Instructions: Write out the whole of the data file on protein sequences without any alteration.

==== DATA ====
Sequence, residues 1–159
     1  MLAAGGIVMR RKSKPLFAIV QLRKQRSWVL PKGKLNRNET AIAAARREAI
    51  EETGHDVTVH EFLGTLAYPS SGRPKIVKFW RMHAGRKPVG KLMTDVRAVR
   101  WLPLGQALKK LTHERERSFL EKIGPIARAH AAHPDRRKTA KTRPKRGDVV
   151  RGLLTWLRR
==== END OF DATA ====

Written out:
Sequence, residues 1–159
     1  MLAAGGIVMR RKSKPLFAIV QLRKQRSWVL PKGKLNRNET AIAAARREAI
    51  EETGHDVTVH EFLGTLAYPS SGRPKIVKFW RMHAGRKPVG KLMTDVRAVR
   101  WLPLGQALKK LTHERERSFL EKIGPIARAH AAHPDRRKTA KTRPKRGDVV
   151  RGLLTWLRR